The overarching objective is to increase the computational efficiency of the models, thereby reducing the operating costs (e.g., energy-to-solution) and the time-to-solution performance, in order to increase the accuracy and resolution of the models at a sustainable economic cost. This aspect is intimately related to the overall co-design of the algorithms underlying weather and climate models where current and emerging hardware and the adopted time-integration method will play a major role. Specifically, the amount of data communicated during each simulation, alongside the length of permitted time-step and the percentage of peak performance achieved on a given computing machine, are a direct consequence of the chosen numerical discretization, and in particular the time-integration. Emerging and future time-integration strategies should take into account all these factors to provide an effective path to sustainable NWP and climate simulations.
5 Emerging Alternatives
For both EBTI and PBTI, we outline some emerging alternatives that are being considered within the community, namely IMEX and fully implicit schemes for the EBTI class, and conservative semi-Lagrangian schemes for the PBTI class. The investigation of these time-stepping schemes for weather and climate is aligned with the general guidelines provided in Sect. 4, where co-design of software and hardware, energy-to- and time-to-solution are key players. In fact, in terms of EBTI strategies, there seems to be a trend to explore (semi-)implicit solutions, that eventually maximize the time-to-solution but would require the development of efficient algorithms to achieve increased percentage of peak performance (of a given machine) and better scalability properties. On the other hand, for PBTI strategies, efforts have been spent on developing conservative SISL schemes, thereby addressing the concerns of lack of accuracy for long-range weather and climate simulations.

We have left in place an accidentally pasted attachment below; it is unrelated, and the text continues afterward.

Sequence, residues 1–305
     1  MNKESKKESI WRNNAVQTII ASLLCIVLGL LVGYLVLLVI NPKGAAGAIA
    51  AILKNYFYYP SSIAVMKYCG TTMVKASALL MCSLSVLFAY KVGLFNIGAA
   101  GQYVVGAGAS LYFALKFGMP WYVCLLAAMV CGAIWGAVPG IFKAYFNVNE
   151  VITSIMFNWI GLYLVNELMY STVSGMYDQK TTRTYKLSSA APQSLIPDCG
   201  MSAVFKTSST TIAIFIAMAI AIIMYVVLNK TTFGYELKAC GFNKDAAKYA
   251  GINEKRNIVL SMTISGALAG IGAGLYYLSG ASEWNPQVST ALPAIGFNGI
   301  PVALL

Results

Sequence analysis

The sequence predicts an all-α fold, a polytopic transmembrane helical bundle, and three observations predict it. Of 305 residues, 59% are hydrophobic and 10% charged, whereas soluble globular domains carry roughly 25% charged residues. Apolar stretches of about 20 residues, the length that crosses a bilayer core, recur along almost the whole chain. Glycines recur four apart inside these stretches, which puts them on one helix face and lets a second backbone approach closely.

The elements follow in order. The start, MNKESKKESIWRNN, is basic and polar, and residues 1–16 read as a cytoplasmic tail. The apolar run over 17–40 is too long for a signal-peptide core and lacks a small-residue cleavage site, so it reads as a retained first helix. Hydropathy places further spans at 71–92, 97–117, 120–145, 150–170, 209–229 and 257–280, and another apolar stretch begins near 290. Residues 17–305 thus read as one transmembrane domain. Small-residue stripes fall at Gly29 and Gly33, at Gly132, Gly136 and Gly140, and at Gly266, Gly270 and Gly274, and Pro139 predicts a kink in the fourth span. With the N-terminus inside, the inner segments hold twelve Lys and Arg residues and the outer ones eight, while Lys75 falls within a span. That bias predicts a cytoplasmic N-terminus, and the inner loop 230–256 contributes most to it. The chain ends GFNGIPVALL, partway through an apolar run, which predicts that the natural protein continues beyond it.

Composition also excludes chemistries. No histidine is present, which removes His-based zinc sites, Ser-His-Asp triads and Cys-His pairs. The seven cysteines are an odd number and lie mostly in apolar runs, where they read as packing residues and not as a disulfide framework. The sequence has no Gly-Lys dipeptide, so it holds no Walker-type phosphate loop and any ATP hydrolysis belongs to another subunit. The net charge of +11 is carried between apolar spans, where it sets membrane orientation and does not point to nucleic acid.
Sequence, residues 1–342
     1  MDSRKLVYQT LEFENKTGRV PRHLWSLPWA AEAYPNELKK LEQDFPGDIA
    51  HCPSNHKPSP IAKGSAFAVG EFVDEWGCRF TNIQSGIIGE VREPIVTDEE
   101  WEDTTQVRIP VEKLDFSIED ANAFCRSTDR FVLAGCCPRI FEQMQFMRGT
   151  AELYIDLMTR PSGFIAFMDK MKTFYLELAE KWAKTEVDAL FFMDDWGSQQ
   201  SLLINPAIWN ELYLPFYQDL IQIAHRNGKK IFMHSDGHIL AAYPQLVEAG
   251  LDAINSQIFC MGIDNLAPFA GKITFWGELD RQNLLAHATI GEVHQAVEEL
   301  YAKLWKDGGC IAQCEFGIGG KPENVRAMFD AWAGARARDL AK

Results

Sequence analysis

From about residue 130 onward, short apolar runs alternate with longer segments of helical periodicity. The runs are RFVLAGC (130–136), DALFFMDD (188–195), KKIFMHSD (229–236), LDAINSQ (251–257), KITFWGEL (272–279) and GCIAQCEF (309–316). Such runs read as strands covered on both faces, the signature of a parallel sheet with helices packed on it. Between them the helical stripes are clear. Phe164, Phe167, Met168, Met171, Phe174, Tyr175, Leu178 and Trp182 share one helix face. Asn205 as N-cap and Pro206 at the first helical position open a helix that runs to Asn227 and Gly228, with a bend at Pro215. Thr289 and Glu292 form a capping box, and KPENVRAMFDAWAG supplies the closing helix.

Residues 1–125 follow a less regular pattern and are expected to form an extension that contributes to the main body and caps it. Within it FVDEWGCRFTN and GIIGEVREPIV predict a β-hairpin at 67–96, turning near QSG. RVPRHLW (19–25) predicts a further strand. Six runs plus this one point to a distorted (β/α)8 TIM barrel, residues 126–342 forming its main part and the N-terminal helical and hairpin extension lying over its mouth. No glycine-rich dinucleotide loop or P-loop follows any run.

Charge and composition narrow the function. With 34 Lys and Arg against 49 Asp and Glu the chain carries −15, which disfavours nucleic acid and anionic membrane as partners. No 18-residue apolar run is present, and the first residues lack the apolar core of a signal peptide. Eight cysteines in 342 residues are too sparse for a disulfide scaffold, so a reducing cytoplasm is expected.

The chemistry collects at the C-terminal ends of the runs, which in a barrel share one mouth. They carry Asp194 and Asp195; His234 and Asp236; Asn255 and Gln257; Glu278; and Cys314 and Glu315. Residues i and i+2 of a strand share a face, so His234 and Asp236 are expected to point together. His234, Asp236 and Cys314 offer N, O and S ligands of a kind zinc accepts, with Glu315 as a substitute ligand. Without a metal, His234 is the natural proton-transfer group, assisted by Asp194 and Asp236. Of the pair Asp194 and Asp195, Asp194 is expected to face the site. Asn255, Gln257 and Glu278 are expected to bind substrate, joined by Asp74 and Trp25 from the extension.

5.1 EBTI Strategies